Pathobiology of cardiac dyssynchrony and resynchronization

Research output: Contribution to journalArticle

Abstract

Cardiac resynchronization therapy (CRT) represents the major new advance for treatment of heart failure since the start of the new millennium. With this therapy, failing hearts with discoordinate contraction due to conduction delay are subjected to biventricular stimulation to "resynchronize" contraction and improve chamber function. Remarkably, CRT was mostly developed and tested in patients first, and the speed at which the concept was translated to an approved clinical therapy was unusually quick. To date, CRT is the only heart failure treatment that can both acutely and chronically improve the systolic pump performance of the failing human heart yet also enhance long-term survival. This situation underscores the importance of understanding how CRT works at the molecular and cellular levels, as these insights might shed light on new approaches to treating heart failure more generally. Over the past 7 years, my laboratory and others at Johns Hopkins have developed novel animal models for addressing this question, and new results are revealing intriguing insights into the mechanisms of CRT. This review, presented on the occasion of the Fourth Annual Douglas P. Zipes Lecture at the 2009 Scientific Sessions of the Heart Rhythm Society, highlights these advances and new directions in CRT research.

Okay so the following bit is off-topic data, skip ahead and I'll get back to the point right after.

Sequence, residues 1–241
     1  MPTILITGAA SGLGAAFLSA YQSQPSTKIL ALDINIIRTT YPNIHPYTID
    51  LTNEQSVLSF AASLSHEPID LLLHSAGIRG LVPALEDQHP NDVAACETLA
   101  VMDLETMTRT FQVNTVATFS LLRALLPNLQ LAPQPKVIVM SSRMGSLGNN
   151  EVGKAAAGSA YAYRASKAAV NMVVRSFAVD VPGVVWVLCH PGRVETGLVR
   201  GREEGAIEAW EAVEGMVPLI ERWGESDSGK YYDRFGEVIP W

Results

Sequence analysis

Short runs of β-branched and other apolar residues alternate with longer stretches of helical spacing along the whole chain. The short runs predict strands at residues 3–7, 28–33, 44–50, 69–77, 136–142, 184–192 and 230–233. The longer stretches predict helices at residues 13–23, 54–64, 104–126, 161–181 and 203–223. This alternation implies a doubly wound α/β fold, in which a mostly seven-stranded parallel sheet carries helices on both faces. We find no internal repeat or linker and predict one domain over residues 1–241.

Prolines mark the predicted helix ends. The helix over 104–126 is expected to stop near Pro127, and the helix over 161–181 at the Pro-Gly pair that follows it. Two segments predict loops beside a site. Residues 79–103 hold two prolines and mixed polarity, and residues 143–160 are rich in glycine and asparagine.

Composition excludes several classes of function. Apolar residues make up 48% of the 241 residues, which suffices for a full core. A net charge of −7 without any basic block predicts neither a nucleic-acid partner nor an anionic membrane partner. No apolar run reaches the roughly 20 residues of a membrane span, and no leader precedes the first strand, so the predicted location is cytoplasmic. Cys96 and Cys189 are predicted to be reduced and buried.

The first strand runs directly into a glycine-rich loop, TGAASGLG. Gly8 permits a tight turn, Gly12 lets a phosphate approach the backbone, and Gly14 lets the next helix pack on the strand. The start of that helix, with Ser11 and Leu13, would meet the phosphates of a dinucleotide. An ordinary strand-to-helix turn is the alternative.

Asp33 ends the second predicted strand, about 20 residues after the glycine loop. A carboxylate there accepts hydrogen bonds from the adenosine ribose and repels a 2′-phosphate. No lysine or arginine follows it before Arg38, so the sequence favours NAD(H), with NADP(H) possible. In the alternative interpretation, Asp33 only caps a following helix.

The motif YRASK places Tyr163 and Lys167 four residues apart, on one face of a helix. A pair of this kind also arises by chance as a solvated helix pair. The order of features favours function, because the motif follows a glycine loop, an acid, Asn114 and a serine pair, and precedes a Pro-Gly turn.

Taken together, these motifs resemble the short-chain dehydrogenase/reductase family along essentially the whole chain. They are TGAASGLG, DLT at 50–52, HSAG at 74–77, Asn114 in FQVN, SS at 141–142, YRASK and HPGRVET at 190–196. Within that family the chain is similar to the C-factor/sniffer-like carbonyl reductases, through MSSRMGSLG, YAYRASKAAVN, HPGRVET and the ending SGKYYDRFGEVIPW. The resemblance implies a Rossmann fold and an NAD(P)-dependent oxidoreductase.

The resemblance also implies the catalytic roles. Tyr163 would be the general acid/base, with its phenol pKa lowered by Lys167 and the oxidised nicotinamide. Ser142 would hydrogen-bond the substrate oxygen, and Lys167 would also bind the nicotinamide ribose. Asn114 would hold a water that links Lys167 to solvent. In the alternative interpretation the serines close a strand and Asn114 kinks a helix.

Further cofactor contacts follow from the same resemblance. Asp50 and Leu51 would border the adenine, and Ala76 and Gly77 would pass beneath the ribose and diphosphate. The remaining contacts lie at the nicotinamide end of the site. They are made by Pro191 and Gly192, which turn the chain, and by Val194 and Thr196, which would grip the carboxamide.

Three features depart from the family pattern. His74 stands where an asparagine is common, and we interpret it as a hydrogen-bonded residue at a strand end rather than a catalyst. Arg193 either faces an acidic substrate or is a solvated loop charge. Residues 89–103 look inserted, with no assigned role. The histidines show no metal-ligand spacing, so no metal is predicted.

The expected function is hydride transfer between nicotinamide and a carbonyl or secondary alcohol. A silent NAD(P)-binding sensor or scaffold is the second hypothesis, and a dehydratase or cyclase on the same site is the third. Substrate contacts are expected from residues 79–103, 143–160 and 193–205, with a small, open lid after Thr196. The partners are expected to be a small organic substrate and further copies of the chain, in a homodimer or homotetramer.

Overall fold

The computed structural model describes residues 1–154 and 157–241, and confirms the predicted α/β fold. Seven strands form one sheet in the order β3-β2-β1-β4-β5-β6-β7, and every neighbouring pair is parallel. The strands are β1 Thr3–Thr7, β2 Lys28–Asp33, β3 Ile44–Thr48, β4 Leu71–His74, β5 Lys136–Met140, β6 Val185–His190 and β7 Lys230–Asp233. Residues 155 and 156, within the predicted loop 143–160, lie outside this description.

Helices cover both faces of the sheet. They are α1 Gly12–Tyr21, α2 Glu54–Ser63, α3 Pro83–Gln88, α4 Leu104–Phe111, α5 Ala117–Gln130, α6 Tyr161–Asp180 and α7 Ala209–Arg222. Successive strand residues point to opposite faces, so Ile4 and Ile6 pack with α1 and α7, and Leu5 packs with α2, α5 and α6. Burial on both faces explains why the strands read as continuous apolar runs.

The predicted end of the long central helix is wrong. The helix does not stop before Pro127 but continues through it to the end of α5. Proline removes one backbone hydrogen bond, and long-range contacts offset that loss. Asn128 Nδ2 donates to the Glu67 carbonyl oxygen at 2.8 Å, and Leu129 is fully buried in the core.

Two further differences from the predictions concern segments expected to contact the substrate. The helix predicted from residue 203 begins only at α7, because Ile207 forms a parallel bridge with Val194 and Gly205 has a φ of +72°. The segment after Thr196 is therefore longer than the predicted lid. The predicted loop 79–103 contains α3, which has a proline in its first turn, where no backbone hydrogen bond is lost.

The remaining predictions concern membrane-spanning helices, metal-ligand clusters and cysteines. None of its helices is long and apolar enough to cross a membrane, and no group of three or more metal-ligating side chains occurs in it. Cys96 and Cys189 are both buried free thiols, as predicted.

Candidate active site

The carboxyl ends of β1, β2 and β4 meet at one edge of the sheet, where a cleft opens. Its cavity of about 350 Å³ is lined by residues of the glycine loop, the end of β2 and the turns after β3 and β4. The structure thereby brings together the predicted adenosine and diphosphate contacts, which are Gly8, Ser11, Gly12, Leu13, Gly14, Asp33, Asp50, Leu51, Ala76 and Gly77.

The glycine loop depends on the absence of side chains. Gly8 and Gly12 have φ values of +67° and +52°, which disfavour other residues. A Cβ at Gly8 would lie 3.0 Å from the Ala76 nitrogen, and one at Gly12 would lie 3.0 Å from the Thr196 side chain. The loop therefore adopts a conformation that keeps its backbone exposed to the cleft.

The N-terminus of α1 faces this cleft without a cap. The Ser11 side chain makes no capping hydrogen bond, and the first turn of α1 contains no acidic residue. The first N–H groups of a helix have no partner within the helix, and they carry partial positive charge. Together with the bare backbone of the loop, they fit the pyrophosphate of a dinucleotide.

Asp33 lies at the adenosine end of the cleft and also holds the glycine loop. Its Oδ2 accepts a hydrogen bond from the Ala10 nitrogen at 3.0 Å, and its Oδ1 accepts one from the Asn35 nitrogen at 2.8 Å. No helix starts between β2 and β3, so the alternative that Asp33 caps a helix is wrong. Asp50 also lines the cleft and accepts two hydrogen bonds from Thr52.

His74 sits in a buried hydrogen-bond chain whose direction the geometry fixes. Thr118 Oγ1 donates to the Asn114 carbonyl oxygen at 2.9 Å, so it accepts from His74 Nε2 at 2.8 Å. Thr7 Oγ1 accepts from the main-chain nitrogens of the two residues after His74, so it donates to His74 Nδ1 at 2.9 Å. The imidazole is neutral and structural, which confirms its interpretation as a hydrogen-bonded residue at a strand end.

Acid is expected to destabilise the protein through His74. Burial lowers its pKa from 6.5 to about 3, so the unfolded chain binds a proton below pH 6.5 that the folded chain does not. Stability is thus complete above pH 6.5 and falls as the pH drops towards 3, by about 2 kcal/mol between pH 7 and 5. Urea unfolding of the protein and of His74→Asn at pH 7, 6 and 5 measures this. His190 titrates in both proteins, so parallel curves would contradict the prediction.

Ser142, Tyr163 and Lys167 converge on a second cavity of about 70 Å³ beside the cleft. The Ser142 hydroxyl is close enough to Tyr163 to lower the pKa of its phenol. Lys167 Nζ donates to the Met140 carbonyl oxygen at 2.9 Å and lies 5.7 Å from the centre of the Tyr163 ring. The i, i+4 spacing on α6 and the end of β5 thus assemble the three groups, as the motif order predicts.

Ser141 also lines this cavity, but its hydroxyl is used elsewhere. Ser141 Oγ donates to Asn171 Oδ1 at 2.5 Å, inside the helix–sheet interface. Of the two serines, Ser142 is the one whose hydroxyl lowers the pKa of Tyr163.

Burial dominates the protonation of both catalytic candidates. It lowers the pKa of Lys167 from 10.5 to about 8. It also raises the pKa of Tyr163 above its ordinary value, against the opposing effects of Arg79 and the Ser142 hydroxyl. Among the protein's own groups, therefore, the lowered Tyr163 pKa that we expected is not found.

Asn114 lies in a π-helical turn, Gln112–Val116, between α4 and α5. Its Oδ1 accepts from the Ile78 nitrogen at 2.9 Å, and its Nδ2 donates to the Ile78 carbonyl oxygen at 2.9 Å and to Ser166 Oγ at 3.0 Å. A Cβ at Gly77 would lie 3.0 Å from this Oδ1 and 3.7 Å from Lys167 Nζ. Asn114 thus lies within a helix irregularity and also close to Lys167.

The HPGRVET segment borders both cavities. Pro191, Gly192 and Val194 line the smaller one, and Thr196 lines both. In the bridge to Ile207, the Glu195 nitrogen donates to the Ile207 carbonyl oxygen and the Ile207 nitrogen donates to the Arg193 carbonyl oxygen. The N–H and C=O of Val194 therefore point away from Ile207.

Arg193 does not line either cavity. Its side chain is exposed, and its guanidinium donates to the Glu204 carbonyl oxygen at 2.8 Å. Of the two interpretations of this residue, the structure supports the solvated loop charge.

Original languageEnglish (US)
Pages (from-to)1660-1665
Number of pages6
JournalHeart Rhythm
Volume6
Issue number11
DOIs
Publication statusPublished - Nov 2009

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Keywords

  • Animal model
  • Apoptosis
  • Beta-adrenergic receptor
  • Calcium
  • Cardiac resynchronization therapy
  • Dyssynchrony
  • Excitation-contraction coupling
  • Heart failure
  • Ion channel
  • Molecular biology
  • Myocyte
  • Stress response kinase

ASJC Scopus subject areas

  • Cardiology and Cardiovascular Medicine
  • Physiology (medical)

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